Veterans who have a 100% TDIU rating may wonder if their rating could become lower after securing employment. In short, the answer is, “Possibly”. It’s important to understand that veterans, their disability ratings, and their experiences are all unique.

Some veterans have been given a 100% disability rating score for TDIU (total disability individual unemployability). There are many factors that impact this rating, including whether or not the TDIU is temporary or permanent; if the primary disability rating is 60 or 70%; whether or not the veteran is seeking employment or marginal employment; and lastly if a protected work environment will be a factor.

Marginal Employment

This is an example of when veterans could face a reduced rating if they make more than the poverty limit. The 100% disability rating would change to the veteran’s underlying rating. A veteran who is employed marginally could still qualify for 100% disability for TDIU if they are working on a more infrequent basis.

Protected Work Setting

In this scenario, a veteran can still qualify for TDIU even if they bring in more income than the poverty limit. An environment for protected work is when a company has made major modifications for the veteran that doesn’t decrease their benefits or earnings, despite the difference in work performed. Two specific types of protected work settings include a work setting that is sheltered or a family company.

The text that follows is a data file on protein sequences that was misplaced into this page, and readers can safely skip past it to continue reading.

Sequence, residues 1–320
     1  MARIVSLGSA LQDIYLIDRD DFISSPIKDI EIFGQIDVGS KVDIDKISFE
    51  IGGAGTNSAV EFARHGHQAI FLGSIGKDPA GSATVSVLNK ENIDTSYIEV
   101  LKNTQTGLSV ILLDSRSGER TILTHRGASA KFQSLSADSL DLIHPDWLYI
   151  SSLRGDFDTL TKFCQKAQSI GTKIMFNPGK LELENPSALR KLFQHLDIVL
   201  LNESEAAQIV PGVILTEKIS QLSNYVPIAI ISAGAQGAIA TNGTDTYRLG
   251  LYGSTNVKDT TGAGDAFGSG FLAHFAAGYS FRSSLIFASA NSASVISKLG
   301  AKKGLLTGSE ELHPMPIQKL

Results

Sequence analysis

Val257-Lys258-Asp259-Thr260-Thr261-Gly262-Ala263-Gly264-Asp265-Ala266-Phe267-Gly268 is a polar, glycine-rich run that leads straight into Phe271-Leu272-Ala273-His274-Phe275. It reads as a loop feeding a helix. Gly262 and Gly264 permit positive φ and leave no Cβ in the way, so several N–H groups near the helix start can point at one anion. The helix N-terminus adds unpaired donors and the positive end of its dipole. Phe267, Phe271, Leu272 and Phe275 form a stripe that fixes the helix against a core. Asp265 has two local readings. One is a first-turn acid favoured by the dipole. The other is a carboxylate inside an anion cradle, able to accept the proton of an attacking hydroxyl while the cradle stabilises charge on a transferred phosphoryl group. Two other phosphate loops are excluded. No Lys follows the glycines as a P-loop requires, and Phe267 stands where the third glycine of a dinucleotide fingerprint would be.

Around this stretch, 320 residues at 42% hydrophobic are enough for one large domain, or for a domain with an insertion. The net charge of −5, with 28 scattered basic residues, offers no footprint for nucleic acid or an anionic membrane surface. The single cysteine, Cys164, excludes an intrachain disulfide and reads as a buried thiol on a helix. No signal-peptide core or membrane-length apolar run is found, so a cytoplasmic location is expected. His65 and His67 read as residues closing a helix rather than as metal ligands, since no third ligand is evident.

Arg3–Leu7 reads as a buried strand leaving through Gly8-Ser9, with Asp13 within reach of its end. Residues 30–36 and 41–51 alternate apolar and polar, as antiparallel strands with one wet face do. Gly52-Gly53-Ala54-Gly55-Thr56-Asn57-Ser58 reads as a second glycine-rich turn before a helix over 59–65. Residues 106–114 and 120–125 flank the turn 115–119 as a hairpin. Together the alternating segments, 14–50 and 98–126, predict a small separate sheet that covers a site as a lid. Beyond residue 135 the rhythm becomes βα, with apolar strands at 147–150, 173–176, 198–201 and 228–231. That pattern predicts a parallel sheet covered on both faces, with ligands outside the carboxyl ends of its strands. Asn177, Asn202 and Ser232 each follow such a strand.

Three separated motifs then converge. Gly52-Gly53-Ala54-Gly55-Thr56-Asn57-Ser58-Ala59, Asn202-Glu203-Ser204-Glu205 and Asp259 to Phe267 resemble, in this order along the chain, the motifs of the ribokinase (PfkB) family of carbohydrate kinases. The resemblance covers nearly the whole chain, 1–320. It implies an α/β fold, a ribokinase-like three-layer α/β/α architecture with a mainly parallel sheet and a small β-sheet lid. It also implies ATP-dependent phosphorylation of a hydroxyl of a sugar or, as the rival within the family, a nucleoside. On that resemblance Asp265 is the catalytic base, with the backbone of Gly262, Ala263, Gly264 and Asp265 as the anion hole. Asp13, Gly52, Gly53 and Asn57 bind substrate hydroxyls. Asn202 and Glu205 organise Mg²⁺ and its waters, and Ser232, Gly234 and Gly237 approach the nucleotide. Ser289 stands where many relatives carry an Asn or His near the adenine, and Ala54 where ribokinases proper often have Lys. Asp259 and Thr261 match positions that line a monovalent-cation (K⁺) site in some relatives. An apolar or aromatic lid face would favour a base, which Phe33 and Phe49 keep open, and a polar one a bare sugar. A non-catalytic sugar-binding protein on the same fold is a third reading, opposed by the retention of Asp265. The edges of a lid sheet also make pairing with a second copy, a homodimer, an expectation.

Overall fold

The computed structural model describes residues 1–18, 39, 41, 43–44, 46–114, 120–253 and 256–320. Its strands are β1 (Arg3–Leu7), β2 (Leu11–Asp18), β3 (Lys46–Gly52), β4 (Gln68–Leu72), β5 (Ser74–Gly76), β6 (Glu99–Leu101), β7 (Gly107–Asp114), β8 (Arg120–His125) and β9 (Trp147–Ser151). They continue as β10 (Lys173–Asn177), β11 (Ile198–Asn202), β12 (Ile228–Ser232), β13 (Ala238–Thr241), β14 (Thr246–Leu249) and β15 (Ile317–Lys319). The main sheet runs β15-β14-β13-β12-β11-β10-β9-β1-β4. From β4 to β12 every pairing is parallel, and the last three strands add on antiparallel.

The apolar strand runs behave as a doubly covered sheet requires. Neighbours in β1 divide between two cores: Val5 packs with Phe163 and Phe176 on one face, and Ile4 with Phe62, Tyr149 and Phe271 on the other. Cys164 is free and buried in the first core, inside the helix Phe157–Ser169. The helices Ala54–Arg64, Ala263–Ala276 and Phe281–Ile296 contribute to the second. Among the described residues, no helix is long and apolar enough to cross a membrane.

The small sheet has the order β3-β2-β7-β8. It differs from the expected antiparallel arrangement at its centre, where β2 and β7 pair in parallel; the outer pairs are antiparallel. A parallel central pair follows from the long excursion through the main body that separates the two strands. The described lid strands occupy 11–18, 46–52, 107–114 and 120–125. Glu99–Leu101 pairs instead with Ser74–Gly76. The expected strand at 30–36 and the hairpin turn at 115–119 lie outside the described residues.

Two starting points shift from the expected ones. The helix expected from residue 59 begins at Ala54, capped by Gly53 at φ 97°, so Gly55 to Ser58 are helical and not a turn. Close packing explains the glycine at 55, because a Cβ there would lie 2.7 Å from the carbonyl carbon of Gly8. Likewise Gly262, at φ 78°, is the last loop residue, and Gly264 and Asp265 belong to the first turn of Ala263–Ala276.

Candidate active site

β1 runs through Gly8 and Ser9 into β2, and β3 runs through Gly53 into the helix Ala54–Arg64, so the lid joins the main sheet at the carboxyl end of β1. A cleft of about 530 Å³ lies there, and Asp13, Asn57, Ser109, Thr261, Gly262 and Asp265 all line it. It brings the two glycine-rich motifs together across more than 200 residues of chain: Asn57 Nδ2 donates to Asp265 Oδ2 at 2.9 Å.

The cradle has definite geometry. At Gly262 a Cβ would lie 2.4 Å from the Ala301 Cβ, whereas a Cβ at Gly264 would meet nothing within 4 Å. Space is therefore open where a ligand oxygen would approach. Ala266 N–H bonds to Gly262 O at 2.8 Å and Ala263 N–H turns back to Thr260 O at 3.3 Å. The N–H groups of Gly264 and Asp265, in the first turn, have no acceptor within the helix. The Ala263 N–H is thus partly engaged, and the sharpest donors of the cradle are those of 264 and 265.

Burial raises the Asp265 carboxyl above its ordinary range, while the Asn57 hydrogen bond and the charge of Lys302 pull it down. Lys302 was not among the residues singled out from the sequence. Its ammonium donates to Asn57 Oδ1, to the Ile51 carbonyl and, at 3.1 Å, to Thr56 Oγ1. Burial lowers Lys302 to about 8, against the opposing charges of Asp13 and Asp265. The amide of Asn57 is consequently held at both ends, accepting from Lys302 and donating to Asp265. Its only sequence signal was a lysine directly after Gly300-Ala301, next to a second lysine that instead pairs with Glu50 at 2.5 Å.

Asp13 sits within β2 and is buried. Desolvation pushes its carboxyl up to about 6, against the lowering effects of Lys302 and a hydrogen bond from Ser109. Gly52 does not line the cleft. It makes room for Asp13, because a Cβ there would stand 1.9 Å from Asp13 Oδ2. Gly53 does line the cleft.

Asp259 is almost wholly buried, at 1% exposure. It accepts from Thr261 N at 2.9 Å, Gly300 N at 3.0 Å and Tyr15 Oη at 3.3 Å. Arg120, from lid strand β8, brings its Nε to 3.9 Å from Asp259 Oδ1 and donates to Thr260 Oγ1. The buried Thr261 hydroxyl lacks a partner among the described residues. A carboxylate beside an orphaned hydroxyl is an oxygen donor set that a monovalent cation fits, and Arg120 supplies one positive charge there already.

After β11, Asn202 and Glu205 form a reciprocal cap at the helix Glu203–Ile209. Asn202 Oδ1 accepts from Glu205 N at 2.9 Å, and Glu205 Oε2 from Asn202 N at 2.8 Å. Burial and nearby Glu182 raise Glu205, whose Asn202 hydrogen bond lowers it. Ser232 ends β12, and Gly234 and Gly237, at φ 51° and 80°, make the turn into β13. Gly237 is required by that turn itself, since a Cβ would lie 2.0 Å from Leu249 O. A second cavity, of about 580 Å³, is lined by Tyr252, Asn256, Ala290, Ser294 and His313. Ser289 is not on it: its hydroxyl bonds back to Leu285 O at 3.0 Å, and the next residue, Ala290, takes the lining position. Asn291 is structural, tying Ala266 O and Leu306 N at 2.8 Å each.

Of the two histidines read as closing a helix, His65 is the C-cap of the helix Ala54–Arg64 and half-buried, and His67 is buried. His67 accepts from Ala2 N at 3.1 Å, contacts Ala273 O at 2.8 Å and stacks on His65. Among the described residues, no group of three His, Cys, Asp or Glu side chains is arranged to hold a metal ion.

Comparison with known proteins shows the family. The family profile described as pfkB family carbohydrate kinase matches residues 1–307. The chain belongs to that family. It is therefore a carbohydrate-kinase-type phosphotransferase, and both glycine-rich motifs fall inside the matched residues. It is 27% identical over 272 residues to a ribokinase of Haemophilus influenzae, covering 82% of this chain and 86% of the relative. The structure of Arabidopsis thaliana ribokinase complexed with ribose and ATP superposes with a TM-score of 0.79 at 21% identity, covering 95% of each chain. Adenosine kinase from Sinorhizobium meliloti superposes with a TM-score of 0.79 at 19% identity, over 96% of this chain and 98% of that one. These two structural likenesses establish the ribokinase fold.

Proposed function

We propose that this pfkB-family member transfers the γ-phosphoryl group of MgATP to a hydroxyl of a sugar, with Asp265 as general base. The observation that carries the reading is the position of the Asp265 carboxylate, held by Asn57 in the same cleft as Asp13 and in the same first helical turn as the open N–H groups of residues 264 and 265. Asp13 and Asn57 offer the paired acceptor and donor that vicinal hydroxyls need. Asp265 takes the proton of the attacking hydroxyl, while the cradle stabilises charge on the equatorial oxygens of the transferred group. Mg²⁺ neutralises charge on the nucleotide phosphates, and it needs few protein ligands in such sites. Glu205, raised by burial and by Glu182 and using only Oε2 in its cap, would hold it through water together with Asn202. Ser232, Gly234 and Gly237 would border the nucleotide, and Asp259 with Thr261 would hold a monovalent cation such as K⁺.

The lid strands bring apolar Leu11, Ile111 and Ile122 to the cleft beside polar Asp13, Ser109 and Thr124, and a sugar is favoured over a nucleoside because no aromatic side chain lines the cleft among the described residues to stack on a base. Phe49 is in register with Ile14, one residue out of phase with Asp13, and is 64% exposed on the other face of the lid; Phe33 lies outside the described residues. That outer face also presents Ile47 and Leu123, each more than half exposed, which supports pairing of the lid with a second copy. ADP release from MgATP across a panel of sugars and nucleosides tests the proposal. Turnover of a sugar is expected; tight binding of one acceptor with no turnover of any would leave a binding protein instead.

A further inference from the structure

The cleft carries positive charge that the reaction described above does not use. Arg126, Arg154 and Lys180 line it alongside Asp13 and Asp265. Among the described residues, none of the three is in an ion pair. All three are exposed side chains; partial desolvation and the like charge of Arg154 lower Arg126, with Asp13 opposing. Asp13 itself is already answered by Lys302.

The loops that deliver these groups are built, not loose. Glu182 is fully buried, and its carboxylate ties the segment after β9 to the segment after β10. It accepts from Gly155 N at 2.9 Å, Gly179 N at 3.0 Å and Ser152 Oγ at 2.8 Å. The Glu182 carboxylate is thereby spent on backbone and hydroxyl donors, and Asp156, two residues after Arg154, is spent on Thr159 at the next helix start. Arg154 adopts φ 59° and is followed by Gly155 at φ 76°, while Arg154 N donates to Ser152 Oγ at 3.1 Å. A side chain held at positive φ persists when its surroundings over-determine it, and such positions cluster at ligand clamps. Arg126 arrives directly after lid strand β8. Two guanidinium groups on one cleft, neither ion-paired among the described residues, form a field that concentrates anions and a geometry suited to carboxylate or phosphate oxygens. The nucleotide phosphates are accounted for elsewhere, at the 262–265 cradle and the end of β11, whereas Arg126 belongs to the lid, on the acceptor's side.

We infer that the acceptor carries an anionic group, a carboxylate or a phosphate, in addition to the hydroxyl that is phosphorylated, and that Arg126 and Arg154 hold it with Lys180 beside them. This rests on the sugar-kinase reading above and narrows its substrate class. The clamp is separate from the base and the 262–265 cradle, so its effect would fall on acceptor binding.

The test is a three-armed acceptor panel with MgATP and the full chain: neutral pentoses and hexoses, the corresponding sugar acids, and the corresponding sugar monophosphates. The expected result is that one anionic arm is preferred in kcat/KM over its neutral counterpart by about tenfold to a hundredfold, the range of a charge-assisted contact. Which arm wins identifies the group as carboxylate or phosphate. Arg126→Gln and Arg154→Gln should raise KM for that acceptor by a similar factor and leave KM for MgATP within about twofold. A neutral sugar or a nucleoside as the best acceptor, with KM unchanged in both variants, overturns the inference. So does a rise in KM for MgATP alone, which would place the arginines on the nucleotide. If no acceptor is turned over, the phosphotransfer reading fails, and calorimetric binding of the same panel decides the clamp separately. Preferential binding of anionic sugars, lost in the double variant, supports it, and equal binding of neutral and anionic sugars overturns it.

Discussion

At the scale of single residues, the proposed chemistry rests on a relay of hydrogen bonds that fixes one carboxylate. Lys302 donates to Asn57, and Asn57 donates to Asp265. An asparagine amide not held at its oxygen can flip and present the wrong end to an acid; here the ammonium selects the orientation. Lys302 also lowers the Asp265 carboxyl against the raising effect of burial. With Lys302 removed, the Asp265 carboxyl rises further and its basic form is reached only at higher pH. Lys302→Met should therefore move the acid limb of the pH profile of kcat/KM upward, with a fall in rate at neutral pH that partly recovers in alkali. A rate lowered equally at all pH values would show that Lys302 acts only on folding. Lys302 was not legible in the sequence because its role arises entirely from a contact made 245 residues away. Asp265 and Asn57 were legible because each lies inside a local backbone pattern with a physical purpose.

A protected work setting is when a veteran performs similar duties, is paid a comparable wage to other workers, yet at least one of the below factors are true.

  1. The veteran is not reprimanded for errors or behavioral complications that are caused by their disability. Disabled veterans may find that interpersonal relations can be more difficult or that their behavior may become more impulsive. For this reason, mistakes can be made more easily or certain duties might even be forgotten. When the employer or fellow employees make adjustments for these types of deficiencies, the work environment is likely one that is “protected”, particularly when a standard company wouldn’t normally make similar exceptions.
  2. The veteran does not miss out on pay if they are less dependable than other employees. Most often seen in family businesses, this occurs when an employer doesn’t withhold pay for attendance issues caused by a veteran’s disability.
  3. The veteran is relieved of the necessary aspects of their position because of their disability. Some parts of a position may not be considered mandatory for a veteran worker as they are for other employees, such as certain training or meetings.
  4. The veteran is not as productive as other employees are. A veteran might have difficulty focusing and therefore may not be as quick as other workers when performing typical job duties. Veteran employees who receive the same benefits and wage as those who do not have a disability, then their job setting could be one that is protected.